You may have clicked on this post expecting one or a set of concrete items that could be checked off a list of actions that will make a company “good” for Hispanics. Unfortunately, we have found that it is not that easy. Being “good” is more akin to a journey than a set of actions. It is a state of being on the outcome end of a continual feedback loop used by stakeholders to gauge progress and make adjustments when needed. There is, however, a certain set of behaviors that companies that are “good” for Hispanics tend to adopt.
In our 2019 HACR Corporate Inclusion Index Report, we discuss the importance of adopting diversity and inclusion (D&I) strategies in order to ensure success. A critical component of setting clear objectives for D&I initiatives is establishing a starting point through benchmarking. Benchmarking (the practice of taking industry best practices and comparing them to your own processes and performance metrics) allows companies to chart a course for where they want to be.
Companies that are more inclusive for Hispanics also track key performance indicators for their D&I efforts. As we mention in our 2019 HACR CII Report, companies that track how they are impacting their Hispanic employees and their communities are able to nimbly respond to the ever-changing landscape of employee and community needs. Tracking encourages companies to be more transparent and promotes accountability for past and future actions in their D&I journey. Furthermore, transparency is more than sharing information; it is an invitation. When done right, transparency invites stakeholders to constructively contribute to the discussion and can lead to the crowdsourcing of solutions to some of their most difficult D&I problems. Transparency also builds trust with employees and community members as it shows a willingness on the company’s behalf to listen and improve.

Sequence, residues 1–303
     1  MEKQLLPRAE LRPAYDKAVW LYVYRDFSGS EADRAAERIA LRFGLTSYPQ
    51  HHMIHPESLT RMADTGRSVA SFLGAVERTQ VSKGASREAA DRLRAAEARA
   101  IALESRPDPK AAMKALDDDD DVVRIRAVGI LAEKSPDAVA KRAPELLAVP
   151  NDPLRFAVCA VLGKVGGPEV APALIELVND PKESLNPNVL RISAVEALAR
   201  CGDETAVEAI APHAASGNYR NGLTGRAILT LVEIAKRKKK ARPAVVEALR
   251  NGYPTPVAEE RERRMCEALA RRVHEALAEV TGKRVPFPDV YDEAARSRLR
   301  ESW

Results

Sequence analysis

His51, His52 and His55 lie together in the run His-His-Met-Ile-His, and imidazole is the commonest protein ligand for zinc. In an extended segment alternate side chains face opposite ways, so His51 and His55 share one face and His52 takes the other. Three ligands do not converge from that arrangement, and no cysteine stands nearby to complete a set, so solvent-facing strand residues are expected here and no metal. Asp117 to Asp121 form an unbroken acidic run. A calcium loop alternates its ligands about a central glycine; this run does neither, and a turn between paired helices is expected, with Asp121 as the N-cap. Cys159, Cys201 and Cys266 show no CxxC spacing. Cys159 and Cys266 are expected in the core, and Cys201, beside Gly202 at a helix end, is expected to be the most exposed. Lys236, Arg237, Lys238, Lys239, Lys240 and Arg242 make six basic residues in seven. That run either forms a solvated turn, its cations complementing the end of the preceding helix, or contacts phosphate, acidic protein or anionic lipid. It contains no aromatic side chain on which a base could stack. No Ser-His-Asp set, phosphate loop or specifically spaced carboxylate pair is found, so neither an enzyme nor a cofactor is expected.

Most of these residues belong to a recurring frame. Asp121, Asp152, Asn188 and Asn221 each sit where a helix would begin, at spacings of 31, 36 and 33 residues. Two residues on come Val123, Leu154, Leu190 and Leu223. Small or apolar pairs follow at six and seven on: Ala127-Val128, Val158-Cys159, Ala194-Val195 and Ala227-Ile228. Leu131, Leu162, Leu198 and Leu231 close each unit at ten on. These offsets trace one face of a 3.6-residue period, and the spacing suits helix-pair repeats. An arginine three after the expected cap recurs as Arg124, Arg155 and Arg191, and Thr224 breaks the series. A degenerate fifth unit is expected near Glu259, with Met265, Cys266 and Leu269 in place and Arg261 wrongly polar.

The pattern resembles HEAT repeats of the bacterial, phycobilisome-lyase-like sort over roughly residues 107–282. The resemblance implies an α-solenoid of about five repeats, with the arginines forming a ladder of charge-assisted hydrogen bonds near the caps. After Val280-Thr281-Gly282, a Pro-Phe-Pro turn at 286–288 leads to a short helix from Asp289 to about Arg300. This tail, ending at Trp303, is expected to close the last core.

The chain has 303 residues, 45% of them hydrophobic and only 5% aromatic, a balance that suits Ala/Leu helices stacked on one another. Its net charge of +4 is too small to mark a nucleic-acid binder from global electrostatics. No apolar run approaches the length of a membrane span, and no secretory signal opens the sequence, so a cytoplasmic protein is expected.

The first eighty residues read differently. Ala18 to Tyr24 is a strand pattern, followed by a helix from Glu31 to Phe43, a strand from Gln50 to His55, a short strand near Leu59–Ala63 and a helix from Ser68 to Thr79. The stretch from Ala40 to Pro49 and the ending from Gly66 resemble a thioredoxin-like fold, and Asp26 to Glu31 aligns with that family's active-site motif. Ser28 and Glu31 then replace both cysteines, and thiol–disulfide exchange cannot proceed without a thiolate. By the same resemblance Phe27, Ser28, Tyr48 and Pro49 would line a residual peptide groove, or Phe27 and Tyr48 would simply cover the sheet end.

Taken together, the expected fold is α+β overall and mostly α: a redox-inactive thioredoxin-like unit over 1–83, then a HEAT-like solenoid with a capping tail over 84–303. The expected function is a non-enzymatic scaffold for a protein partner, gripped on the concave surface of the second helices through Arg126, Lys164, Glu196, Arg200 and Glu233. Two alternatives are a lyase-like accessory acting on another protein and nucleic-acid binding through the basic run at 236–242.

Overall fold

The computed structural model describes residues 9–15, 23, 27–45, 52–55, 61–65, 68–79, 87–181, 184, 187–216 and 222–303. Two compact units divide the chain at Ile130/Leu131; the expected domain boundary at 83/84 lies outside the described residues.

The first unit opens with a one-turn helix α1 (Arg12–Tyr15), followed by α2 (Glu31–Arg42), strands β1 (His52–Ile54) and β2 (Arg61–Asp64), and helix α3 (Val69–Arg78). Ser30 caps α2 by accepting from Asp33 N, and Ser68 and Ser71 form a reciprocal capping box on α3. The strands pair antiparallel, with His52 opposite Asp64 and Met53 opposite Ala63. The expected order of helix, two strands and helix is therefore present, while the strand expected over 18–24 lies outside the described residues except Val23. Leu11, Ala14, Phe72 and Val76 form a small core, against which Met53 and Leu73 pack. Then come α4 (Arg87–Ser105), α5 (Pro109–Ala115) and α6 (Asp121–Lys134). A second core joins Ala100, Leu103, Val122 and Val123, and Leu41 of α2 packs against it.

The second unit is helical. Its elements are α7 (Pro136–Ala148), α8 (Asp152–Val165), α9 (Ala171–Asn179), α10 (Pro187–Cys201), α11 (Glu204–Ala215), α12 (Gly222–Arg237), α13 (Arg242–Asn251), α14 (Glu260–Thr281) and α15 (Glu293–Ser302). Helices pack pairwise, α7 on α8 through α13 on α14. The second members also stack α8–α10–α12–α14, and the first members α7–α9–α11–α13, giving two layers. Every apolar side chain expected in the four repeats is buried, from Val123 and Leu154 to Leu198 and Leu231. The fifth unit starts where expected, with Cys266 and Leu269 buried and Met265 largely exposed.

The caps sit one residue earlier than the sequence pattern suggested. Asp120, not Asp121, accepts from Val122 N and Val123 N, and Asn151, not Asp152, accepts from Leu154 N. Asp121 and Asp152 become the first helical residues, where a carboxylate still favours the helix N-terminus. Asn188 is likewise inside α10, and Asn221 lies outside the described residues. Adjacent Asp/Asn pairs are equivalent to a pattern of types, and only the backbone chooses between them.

Finally, in our 2019 HACR STEM Report we discuss the importance of making informed decisions to adopting effective D&I strategies. Using the information collected from their tracking and sharing efforts, companies can identify and prioritize strategies that will result in desired outcomes. In contrast, the temptation may be to adopt practices that have worked for or are listed by other organizations. The danger here is adopting solutions that are not a good fit and thereby either exacerbating the problem or delaying meaningful change.
In review, these practices are all connected and should be adopted in a systematic fashion:
- Set D&I objectives through careful measurement, diligent tracking and benchmarking in order to identify problem areas
- Share information in order to get meaningful feedback and buy-in from employees, communities, and other stakeholders
- Evaluate findings and use them to make informed decisions on what to start with, where there are clear gaps, and how to continue with positive momentum and goodwill
Making these connections is the goal and purpose of the 2020 HACR Corporate Inclusion Index (CII), which opened on January 7, 2020. The HACR CII survey is a benchmarking tool for companies looking to determine where their practices are with respect to Hispanic inclusion and tracking progress overtime. If you have any questions about participating in the 2020 HACR CII, please contact us at email@example.com or click here to learn more.